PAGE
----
Division of Pensions Upon Marriage Breakdown Consultation Paper Backgrounder

Division of Pensions Upon Marriage Breakdown Consultation Paper Backgrounder2017-03-03T18:30:50+00:00

PDF Version

When marriage breakdown occurs, often one of the most important and difficult issues to be dealt with concerns a spouse’s pension.

Although the Family Law Act requires that pensions be included in the valuation and division of family property upon marriage breakdown, a pension is inherently difficult to value and divide. Generally pension rights cannot be transferred or cashed in, and estimating their value requires the making of numerous assumptions about future events.

Ontario law in this area is widely acknowledged to be complex, confusing and fraught with difficulties, leading to unnecessary expense and administrative burdens. Lawyers, judges, pension plan administrators and separating couples have all pointed to a need for change in the law.

Two main approaches to reform have been identified, and most other Canadian provinces have adopted one or the other in their family law legislation. The Immediate Settlement Method (ISM) would value the pension of the member spouse as if that person had had his or her employment terminated as of the date of marital breakdown, and would permit immediate settlement from the accrued pension. The Deferred Settlement Method (DSM) generally envisions the division of the member spouse’s pension at the point when the pension begins to be paid out. There has been extensive debate as to which of these approaches is the most fair and appropriate. Adoption of the DSM would require that pensions be divided separately from the family property equalization process under the FLA. With the ISM, pension division could take place either under or outside the equalization provisions. Adoption of either method will require consideration of collateral issues such as taxation, implications where there are subsequent spouses and valuation methods (though valuation may not always be required with the DSM).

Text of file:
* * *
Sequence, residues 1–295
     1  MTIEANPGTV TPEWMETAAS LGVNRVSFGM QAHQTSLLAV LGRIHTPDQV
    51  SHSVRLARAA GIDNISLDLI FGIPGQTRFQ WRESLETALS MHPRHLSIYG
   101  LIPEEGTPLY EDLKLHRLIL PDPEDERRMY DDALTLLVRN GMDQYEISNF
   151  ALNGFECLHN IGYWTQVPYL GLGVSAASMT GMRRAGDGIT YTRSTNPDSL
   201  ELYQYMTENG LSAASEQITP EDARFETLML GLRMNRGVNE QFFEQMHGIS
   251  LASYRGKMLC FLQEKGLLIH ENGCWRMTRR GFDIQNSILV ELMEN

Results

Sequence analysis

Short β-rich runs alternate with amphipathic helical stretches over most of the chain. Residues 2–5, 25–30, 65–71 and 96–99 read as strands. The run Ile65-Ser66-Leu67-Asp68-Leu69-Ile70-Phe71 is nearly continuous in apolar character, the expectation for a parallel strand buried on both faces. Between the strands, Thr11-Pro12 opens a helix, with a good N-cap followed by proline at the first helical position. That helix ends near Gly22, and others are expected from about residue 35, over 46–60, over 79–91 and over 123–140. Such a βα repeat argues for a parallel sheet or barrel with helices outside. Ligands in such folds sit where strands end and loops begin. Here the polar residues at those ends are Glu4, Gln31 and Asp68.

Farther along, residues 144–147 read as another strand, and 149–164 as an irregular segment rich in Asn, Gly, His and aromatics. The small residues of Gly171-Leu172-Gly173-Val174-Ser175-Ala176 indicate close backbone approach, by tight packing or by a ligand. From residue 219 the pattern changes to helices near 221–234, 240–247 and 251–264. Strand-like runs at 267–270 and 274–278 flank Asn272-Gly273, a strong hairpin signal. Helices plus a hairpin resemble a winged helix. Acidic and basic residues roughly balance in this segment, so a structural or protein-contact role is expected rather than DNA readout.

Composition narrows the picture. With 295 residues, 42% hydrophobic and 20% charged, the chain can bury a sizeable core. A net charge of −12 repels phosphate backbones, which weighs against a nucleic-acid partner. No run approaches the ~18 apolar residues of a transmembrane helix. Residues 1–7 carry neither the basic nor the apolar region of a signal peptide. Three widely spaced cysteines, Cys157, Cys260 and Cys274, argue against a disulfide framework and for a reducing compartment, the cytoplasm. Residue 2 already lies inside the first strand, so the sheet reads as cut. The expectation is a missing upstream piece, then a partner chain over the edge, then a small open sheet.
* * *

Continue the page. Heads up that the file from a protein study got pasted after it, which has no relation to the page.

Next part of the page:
The Law Commission of Ontario has undertaken a project with the aim of bringing clarity to this area of the law. The LCO will be consulting lawyers, pension plan administrators, actuaries and other experts, but also welcomes submissions from all Ontarians who have a view on the issues. Following the consultations, the LCO will release a Report with recommendations.